Crops News

Improvements to hemp regulation needed to support farmers


Improved testing rules, an expanded testing timeline, and clarity around hemp transportation would help farmers grow and market this new crop, the American Farm Bureau Federation said in comments submitted to the U.S. Department of Agriculture. The comments relate to the USDA’s Interim Final Rule regulating hemp production nationwide.

Earlier this month, farmers and ranchers at the AFBF’s Annual Convention voted to support an increase in the allowable THC level in hemp up to 1 percent. The vote gives AFBF leaders and staff the flexibility to engage in discussions with regulators and lawmakers about the appropriate legal limit on THC.

Current law limits THC content in hemp to 0.3 percent or below. In addition, regulations require testing to be conducted only on the flower of the plant, despite the harvesting and use of the entire plant.

The AFBF is requesting that the USDA allow THC testing of the entire plant, including the flower, leaf, and stem, to be averaged together. Since hemp’s legalization, there is growing demand for hemp fibers to make everything from clothing to rope and flooring, none of which is impacted by the THC level.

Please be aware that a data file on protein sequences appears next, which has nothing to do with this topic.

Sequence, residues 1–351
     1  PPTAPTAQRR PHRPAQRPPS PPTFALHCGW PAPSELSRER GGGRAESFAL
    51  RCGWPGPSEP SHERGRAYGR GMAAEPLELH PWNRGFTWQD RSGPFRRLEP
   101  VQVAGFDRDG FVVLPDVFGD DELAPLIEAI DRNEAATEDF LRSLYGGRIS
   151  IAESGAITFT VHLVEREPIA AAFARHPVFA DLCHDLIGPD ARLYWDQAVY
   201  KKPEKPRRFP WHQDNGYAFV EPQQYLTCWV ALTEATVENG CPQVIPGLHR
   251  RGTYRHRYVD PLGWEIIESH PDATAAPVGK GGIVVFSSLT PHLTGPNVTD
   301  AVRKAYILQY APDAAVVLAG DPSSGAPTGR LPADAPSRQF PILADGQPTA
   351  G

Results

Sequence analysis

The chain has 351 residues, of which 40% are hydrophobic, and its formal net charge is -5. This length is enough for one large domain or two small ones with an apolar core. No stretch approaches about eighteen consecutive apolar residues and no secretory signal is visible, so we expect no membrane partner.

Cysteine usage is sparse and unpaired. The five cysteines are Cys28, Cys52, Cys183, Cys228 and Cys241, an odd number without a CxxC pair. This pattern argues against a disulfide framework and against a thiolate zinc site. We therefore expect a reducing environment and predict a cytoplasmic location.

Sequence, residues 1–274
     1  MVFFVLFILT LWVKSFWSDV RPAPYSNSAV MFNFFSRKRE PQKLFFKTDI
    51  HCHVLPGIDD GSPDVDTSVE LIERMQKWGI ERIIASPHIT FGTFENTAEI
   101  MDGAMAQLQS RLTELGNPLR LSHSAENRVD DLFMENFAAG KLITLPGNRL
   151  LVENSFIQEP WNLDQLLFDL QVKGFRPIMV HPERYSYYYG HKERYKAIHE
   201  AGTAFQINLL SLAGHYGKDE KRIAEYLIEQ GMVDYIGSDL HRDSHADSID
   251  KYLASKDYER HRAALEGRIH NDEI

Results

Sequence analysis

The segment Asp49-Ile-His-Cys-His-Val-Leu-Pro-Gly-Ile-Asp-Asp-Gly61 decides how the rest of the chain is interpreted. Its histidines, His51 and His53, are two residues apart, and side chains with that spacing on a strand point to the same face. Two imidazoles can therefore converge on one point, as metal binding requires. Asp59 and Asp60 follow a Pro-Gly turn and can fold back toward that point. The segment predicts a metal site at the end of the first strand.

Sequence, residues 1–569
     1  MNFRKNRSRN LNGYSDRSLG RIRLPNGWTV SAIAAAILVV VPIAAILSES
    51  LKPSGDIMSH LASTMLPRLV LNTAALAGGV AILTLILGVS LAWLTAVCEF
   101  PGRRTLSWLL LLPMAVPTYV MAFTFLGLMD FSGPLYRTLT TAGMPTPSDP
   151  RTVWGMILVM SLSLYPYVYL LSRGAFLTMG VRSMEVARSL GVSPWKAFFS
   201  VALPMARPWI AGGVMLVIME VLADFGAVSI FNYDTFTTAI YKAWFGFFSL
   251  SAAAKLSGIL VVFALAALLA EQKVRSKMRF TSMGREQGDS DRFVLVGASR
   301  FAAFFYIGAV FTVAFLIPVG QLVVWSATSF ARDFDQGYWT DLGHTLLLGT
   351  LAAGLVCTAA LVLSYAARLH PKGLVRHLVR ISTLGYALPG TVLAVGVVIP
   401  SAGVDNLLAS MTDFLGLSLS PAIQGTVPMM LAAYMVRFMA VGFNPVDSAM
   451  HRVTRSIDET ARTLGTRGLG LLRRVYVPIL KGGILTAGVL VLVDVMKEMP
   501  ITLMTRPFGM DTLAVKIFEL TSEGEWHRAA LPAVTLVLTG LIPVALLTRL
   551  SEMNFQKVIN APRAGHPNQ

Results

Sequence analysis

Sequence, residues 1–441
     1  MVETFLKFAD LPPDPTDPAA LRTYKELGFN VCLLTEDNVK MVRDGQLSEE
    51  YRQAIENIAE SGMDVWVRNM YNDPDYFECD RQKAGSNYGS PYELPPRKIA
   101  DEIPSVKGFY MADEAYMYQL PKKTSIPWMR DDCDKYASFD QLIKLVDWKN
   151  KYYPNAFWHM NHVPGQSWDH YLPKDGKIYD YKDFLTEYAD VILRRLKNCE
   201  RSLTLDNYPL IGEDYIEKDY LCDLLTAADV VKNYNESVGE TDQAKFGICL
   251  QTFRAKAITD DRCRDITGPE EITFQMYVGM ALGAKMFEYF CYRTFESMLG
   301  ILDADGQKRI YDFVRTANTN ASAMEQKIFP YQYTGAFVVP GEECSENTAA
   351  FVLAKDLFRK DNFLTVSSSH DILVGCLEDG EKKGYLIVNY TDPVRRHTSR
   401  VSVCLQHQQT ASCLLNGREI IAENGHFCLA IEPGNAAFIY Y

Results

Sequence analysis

The Interim Final Rule requires the collection of plant samples needed for THC testing within 15 days of the anticipated harvest date. In comments to the USDA, the AFBF noted this narrow window places an unnecessary burden on farmers, who risk losing their entire crop if they cannot complete harvest in just 15 days, and fails to consider the potential for delayed test results due to a lack of THC testing facilities. The AFBF is urging the USDA to extend the 15-day window to 45 days before the anticipated harvest date to remove this unfair and expensive burden on farmers.

The USDA requires that all THC testing labs be certified by the U.S. Drug Enforcement Administration. With only 44 DEA-certified labs in 22 states to serve hundreds of hemp farmers, many believe testing delays and backlogs are inevitable. Without a certified lab in each state, hemp growers may have to transport untested samples across state lines to comply with the regulations. However, if the hemp being transported is above the 0.3% THC threshold, farmers will have shipped an illegal product across state lines, opening them up to potential prosecution.

Many states have used private labs with third-party certifications to conduct THC testing, based on guidelines in the 2014 Farm Bill. These labs are regularly assessed and must meet international performance requirements to maintain certification. The AFBF is requesting that the USDA allow testing in private labs that have obtained third-party accreditation, to minimize delays and costs to hemp farmers.

Read the full comments filed by the AFBF here.

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